Jacob Farmer, et al v. Board of Regents of the University System of Georgia, et al, No. 13-13206 (11th Cir. 2014)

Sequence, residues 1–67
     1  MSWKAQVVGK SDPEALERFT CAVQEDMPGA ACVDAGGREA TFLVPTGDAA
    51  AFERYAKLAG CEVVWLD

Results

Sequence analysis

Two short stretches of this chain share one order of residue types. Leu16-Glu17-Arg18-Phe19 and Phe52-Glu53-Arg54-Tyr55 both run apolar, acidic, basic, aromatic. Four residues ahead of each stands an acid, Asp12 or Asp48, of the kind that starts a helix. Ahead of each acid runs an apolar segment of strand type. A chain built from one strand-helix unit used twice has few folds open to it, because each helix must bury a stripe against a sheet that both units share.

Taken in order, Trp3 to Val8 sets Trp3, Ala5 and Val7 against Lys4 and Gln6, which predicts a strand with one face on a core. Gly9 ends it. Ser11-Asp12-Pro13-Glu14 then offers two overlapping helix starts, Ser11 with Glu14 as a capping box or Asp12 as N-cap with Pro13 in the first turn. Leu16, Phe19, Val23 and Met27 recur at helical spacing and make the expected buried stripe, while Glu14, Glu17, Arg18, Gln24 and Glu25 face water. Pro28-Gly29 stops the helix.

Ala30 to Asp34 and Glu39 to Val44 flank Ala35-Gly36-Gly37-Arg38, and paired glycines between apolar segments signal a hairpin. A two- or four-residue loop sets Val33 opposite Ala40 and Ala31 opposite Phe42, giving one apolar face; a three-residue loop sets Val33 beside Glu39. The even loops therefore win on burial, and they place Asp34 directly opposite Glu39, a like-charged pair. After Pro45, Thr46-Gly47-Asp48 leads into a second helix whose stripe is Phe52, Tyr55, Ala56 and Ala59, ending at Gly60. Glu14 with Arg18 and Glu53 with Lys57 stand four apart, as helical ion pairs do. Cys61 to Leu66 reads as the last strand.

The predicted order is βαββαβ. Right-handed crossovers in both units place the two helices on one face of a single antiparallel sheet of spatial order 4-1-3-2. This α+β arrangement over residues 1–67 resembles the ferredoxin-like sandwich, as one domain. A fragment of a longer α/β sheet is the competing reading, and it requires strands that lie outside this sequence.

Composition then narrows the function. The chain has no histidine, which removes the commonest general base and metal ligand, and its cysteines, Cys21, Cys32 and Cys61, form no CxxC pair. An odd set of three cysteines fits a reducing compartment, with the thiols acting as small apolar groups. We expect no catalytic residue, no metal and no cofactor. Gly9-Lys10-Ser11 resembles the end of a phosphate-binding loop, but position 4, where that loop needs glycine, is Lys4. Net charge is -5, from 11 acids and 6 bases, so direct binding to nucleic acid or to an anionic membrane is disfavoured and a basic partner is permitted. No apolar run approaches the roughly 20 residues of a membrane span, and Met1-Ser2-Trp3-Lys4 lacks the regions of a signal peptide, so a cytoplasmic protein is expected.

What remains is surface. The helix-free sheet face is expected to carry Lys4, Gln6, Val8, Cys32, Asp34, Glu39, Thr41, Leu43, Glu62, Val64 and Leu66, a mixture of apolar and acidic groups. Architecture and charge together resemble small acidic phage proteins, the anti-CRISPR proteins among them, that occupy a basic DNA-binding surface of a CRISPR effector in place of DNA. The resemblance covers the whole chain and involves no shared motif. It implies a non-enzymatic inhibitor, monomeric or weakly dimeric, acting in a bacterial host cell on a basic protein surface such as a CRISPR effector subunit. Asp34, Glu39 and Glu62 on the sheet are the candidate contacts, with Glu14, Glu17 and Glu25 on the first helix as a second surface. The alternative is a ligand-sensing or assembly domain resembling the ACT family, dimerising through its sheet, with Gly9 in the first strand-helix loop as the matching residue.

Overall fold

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Case: 13-13206 Date Filed: 09/23/2014 Page: 1 of 13 [DO NOT PUBLISH] IN THE UNITED STATES COURT OF APPEALS FOR THE ELEVENTH CIRCUIT _____________________________ No. 13-13206 _____________________________ D.C. Docket No. 1:10-cv-02148-ODE JACOB FARMER, ANDREW CANNON, RICO ARELLANO, FORREST HILL, Plaintiffs - Appellants, versus BOARD OF REGENTS OF THE UNIVERSITY SYSTEM OF GEORGIA, DR. ERROLL B. DAVIS, in his official capacity, DR. EARL B. YARBROUGH, in his official capacity as President of Savannah State University, MARILYNN STACEY SUGGS, in her individual and official capacities as Interim Athletic Director of Savannah State University, JULIUS DIXON, Interim Head Football Coach, Defendants - Appellees. _____________________________ Appeal from the United States District Court for the Northern District of Georgia _____________________________ (September 23, 2014) Case: 13-13206 Date Filed: 09/23/2014 Page: 2 of 13 Before JORDAN, Circuit Judge, and BARTLE * and BERMAN, ** District Judges. PER CURIAM: This case involves the discrimination claims of four white football players Jacob Farmer, Andrew Cannon, Rico Arellano, and Forrest Hill who were verbally offered, but then not given, football athletic scholarships to Savannah State University in 2010. Mr. Hill was a Georgia resident, but the other plaintiffs were not from Georgia. SSU is a Historically Black College and University, a distinction which recognizes that the institution was established prior to 1964, [and] whose principal mission was, and is, the education of Black Americans. 20 U.S.C. § 1061(2). Sometime in 2010, Robert Wells, SSU s white head football coach at the time, verbally offered football scholarships to the plaintiffs. Several weeks before national signing day the first day when scholarships can formally be offered and accepted Mr. Wells was replaced as head football coach at SSU by Julius Dixon, who is black. There is evidence, viewed in the light most favorable to the plaintiffs, that SSU let Mr. Wells go because he was white, his fiancée was black, and he could not get the support of SSU s alumni, who were overwhelmingly black. * Honorable Harvey Bartle III, United States District Judge for the Eastern District of Pennsylvania, sitting by designation. ** Honorable Richard M. Berman, United States District Judge for the Southern District of New York, sitting by designation. 2 Case: 13-13206 Date Filed: 09/23/2014 Page: 3 of 13 Mr. Dixon did not offer any of the plaintiffs scholarships. Eventually all of the scholarships offered by SSU were to black recruits, and the scholarships actually awarded went to black recruits from Georgia, whose scholarships cost the football program less because those recruits were eligible for lower in-state tuition. The plaintiffs claimed that they were denied the scholarships because of their race and sued SSU, the Board of Regents of the University System of Georgia, and a number of individual defendants under 42 U.S.C. §§ 1981 (impairment of the right to make and enforce contracts) and 1983 (denial of equal protection) and Title VI of the Civil Rights Act of 1964, 42 U.S.C. § 2000d et seq. They also alleged a violation of their right to travel under the Privileges and Immunities Clauses of Article IV and the Fourteenth Amendment. The district court granted summary judgment in favor of SSU, the Board of Regents, and the individual defendants on the claims of Mr. Farmer, Mr. Cannon, and Mr. Arellano, and on most of the claims of Mr. Hill. The only claims to go to trial were Mr. Hill s race discrimination claims against Mr. Dixon, SSU s interim head coach. The jury rendered a verdict in favor of Mr. Dixon, finding that race was not a substantial or motivating factor in his decision to not give Mr. Hill a football scholarship. 3 Case: 13-13206 Date Filed: 09/23/2014 Page: 4 of 13 All four plaintiffs now appeal. Following a review of the record, and with the benefit of oral argument, we affirm. 1 I We review a grant of summary judgment de novo, viewing the evidence in the light most favorable to the non-moving parties. See, e.g., Shuford v. Fid. Nat l Prop. & Cas. Ins. Co., 508 F.3d 1337, 1341 (11th Cir. 2007). We review evidentiary rulings for abuse of discretion, and even where error has been shown, we will reverse only if that error was prejudicial. See, e.g., Goldsmith v. Bagby Elevator Co., Inc., 513 F.3d 1261, 1276 (11th Cir. 2008). Racial discrimination claims under Title VI, the Equal Protection Clause, and § 1981 are analyzed under the same framework. For each of these claims, a plaintiff must show intentional discrimination. See Smith v. Lockheed-Martin Corp., 644 F.3d 1321, 1325 n. 14 (11th Cir. 2011); Elston v. Talladega Cnty. Bd. of Educ., 997 F.2d 1394, 1406 n. 11 (11th Cir. 1993).2 II Because we write for the parties, we assume their familiarity with the record, and set out only what is necessary to explain our decision. 1 We address only the issues that merit discussion. As to all other issues, we affirm without further discussion. 2 Other applicable standards of review are set forth in our discussion of the issues on appeal. 4 Case: 13-13206 Date Filed: 09/23/2014 Page: 5 of 13 A The plaintiffs first argue that the magistrate judge and the district court erred in considering, for purposes of summary judgment, a number of affidavits which were based, in part, on a review of SSU documents. Affidavits under Rule 56 can be based on knowledge the affiant has gained through a review of records as long as those records are themselves admissible, see, e.g., Warner Bros. Ent., Inc. v. X One X Productions, 644 F.3d 584, 592 (8th Cir. 2011), and the plaintiffs complaint is that there was no showing that the unidentified SSU records reviewed by the affiants were admissible. We generally agree with the plaintiffs, but cannot see how any evidentiary error was prejudicial. The district court granted summary judgment because it concluded that Mr. Farmer, Mr. Cannon, and Mr. Arellano who were not residents of Georgia were not similarly situated to the black Georgia recruits who received athletic scholarships. That difference in state residency, the district court reasoned, prevented the plaintiffs from putting on a prima facie case of racial discrimination because it cost SSU s athletic department twice as much to give scholarships to non-Georgia residents (due to the difference between in-state and out-of-state tuition). The only facts crucial to this ruling were the out-of-state residencies of Mr. Farmer, Mr. Cannon, and Mr. Arellano, and those facts were undisputed. It is 5 Case: 13-13206 Date Filed: 09/23/2014 Page: 6 of 13 therefore difficult to see how the plaintiffs were harmed by the district court s admission of the affidavits. In any event, the plaintiffs have failed to present any argument (much less make any showing) that any evidentiary error by the district court was prejudicial insofar as the summary judgment ruling was concerned. We will not reverse unless an evidentiary error was harmful, and by failing to address the issue of prejudice the plaintiffs have failed to show reversible error. See Sovereign Military Hospitaller Order of St. John of Jerusalem of Rhodes and of Malta v. Florida Priory of Knights Hospitallers of the Sovereign Order of St. John of Jerusalem, 702 F.3d 1279, 1295 (11th Cir. 2012); Goldsmith, 513 F.3d at 1276. B The district court ruled that Marilynn Stacey-Suggs, SSU s interim athletic director, was entitled to summary judgment. According to the district court, the only evidence presented by the plaintiffs with respect to her was that Mr. Arellano s mother was told that her son should not come on an official visit to SSU because Ms. Stacey-Suggs was not interested in him, but race was not mentioned in that conversation. The plaintiffs argue that the district court erred because there was evidence that Ms. Stacey-Suggs was involved in recruiting and scholarship decisions, and she and Mr. Dixon denied scholarships to every white recruit who had been 6 Case: 13-13206 Date Filed: 09/23/2014 Page: 7 of 13 promised a scholarship by the former white coach, Mr. Wells. In addition, the plaintiffs point to evidence that Ms. Stacey-Suggs was present at several meetings where Mr. Wells was told he would never have the support of the SSU alumni because he was white and his fiancée was black. This evidence, say the plaintiffs, was enough for a jury to find that Ms. Stacey-Suggs discriminated on the basis of race. We disagree. First, the fact that Ms. Stacey-Suggs signed the national letters of intent in her capacity as interim athletic director for those who were ultimately offered scholarships does not show (or permit the inference) that she discriminated against the plaintiffs on the basis of their race. Although the recruits who accepted scholarships were all black, they were also all from Georgia, and it cost SSU less to offer them scholarships because they were eligible for lower in-state tuition. Second, Ms. Stacey-Suggs presence at the meetings is not enough to impose individual liability for racial discrimination against the plaintiffs, particularly given that Ms. Stacey-Suggs did not make or ratify the statements in question. C Mr. Farmer, Mr. Cannon, and Mr. Arellano contend that the district court misapplied the prima facie case requirement to their racial discrimination claims by ruling that their out-of-state residencies prevented them from being similarly situated to black Georgia residents who received football scholarships. Citing to 7 Case: 13-13206 Date Filed: 09/23/2014 Page: 8 of 13 our decision in Vessels v. Atlanta Ind. Sch. Sys., 408 F.3d 763, 768-69 (11th Cir. 2005), these three plaintiffs argue that residency is a subjective qualification that should not be considered at the prima facie case stage. In Vessels, a Title VII/§ 1981/§ 1983 case involving the alleged denial of a promotion on the basis of race, we ruled that, with respect to the qualification element of a plaintiff s prima facie case, an employer s subjective criteria, such as a preferred leadership style, has no place in th[at] . . . prima facie case. Id. We explained that to demonstrate that he was qualified for the position, a Title VII plaintiff need only show that he or she satisfied an employer s objective qualifications. . . . [W]e have made clear that the prima facie case is designed to include only evidence that is objectively verifiable and either easily obtainable or within the plaintiff s possession. . . . If we were to hold an employer s subjective evaluations sufficient to defeat the prima facie case, the court s inquiry would end, and [the] plaintiff would be given no opportunity to demonstrate that the subjective evaluation was pretextual. Id. at 769 (emphasis in original and citations omitted). We do not see any error based on Vessels. In a disparate treatment case based on circumstantial evidence, we usually apply the burden-shifting framework of McDonnell Douglas Corp. v. Green, 411 U.S. 792 (1973). That means that a disparate treatment plaintiff must show that (a) he is a member of a protected class; (b) he is qualified for the position, promotion, or benefit in question; (c) that there 8 Case: 13-13206 Date Filed: 09/23/2014 Page: 9 of 13 was adverse action against him; and (d) that he was treated less favorably than a similarly situated person outside of the protected class. See, e.g., Smith, 644 F.3d at 1325; Burke-Fowler v. Orange Cnty., 447 F.3d 1319, 1323 (11th Cir. 2006). Here the district court cited to Vessels in its summary judgment order, and recognized and applied its holding, agreeing with the plaintiffs that the subjective nature of recruiting should not be considered in looking at the prima facie case. The district court focused on the out-of-state residencies of Mr. Farmer, Mr. Cannon, and Mr. Arellano only in analyzing whether they were similarly situated to the black in-state recruits who had been given the scholarships. See Holifield v. Reno, 115 F.3d 1555, 1562 (11th Cir. 1997) ( To make a comparison of the plaintiff s treatment to that of [other] employees, the plaintiff must show that he and the employees are similarly situated in all relevant respects. ). Given the undisputed evidence that it cost the football program twice as much money to offer full scholarships to out-of-state residents, the district court did not err in considering residency to analyze the similarly situated element of the prima facie case.3 3 We recognize that plaintiffs alleging discrimination can present circumstantial evidence to defeat summary judgment without satisfying the McDonnell Douglas framework or relying on its presumptions. See Smith, 644 F.3d at 1328. Having reviewed the record, however, we do not believe that the plaintiffs here presented a sufficient mosaic of circumstantial evidence to get their claims to a jury. 9 Case: 13-13206 Date Filed: 09/23/2014 Page: 10 of 13 One more matter warrants discussion. Mr. Dixon, after he became SSU s interim head coach, offered a football scholarship to one out-of-state black recruit D.J. Woods, who attended a high school in Florida. Given that Mr. Woods was not a Georgia resident, we must determine whether he was similarly situated to Mr. Farmer, Mr. Cannon, and Mr. Arellano. If he was, then a prima facie case might exist. The magistrate judge concluded that Mr. Woods was not similarly situated because his scholarship offer was (according to Eddie Johnson s affidavit) contingent upon his ability to prove and obtain Georgia residency (and thereby only need a less costly scholarship). The district court read the record differently, and did not think that Mr. Woods offer could be described as contingent on proving and obtaining Georgia residency. But it ruled that Mr. Dixon believed Mr. Woods could qualify for in-state tuition because he had a Georgia driver s license, and concluded that the plaintiffs had failed to show that Mr. Dixon s purported belief was, in their words, facially ridiculous. Mr. Woods offer letter from SSU is not in the record, but it appears that each of the offer letters sent by SSU was a form letter without any space to include special conditions attached to the offer. As a result, we think the district court was correct in refusing, at the summary judgment stage, to characterize the scholarship offer to Mr. Woods as contingent on his obtaining Georgia residency. 10 The Case: 13-13206 Date Filed: 09/23/2014 Page: 11 of 13 question then becomes whether the district court correctly ruled that Mr. Woods still was not a proper comparator because he held a Georgia drivers license, and because Mr. Dixon thought that he might therefore qualify for in-state tuition. We believe the district court incorrectly considered Mr. Dixon s motivation in looking at the prima facie case. In a discrimination case involving the McDonnell Douglas burden-shifting framework, a defendant s proffered reason or explanation for the challenged conduct comes into play only when the plaintiff has made out a prima facie case. See, e.g., Kidd v. Mando American Corp., 731 F.3d 1196, 1202 (11th Cir. 2013). Nevertheless, the district court s ultimate conclusion that the offer to Mr. Woods was not enough for the three plaintiffs (Mr. Farmer, Mr. Cannon, and Mr. Arellano) to survive summary judgment on their claims against Mr. Dixon was correct. Assuming that the offer to Mr. Woods established a prima facie case, we agree with the magistrate judge that the three plaintiffs did not present sufficient evidence of pretext to get to a jury. First, action taken pursuant to a mistaken but honest impression does not result in liability for discrimination. See Dannon v. Fleming Supermarkets of Florida, Inc., 196 F.3d 1354, 1363 n.3 (11th Cir. 1999). Although these three plaintiffs may be correct that Mr. Dixon was mistaken about the possibility of Mr. Woods being able to establish Georgia residency through his Georgia driver s 11 Case: 13-13206 Date Filed: 09/23/2014 Page: 12 of 13 license, see O.C.G.A. §§ 20-3-66(b)(1) & 20-3-66(c)(1)(A), that does not mean (or lead to a reasonable inference) that Mr. Dixon offered Mr. Woods a scholarship, and denied scholarships to the three plaintiffs, on the basis of race. Not only did Mr. Woods have a Georgia driver s license, Mr. Dixon believed he was originally from Atlanta, Georgia. Second, it is undisputed that offering scholarships to in-state recruits would make the football scholarship money at SSU go much further, and offering one scholarship to a single out-of-state recruit would not significantly decrease the overall potential savings of a strategy of offering scholarships to in-state recruits. [A] reason cannot be proved to be a pretext for discrimination unless it is shown both that the reason was false and that discrimination was the real reason. St. Mary s Honor Ctr. v. Hicks, 509 U.S. 502, 515 (1993) (emphasis in original and internal quotation marks omitted). See also Chapman v. AI Transport, 229 F.3d 1012, 1030 (11th Cir. 2000) (en banc) (plaintiff cannot simply quarrel[ ] with the wisdom of the decision, but rather must meet that reason head on and rebut it ). Third, Mr. Woods was a so-called impact player with superior talent and skills. Indeed, he turned down the SSU offer and accepted a scholarship to the University of Illinois. Mr. Woods talent level provided a race-neutral reason for Mr. Dixon to offer him a scholarship that would have required payment of higher out-of-state tuition. 12 Case: 13-13206 Date Filed: 09/23/2014 Page: 13 of 13 D Mr. Hill argues that he is entitled to a new trial because the district court excluded evidence relating to Mr. Dixon s failure to give scholarships to Mr. Farmer, Mr. Cannon, and Mr. Arellano. We need not address this issue, for Mr. Hill conceded at oral argument that if the summary judgment against those three plaintiffs was correct, there was no error in the exclusion of evidence pertaining to them. Given that we have affirmed the grant of summary judgment on the claims of those plaintiffs, Mr. Hill, pursuant to his own concession, cannot prevail. III For the reasons set forth above, we affirm. AFFIRMED. 13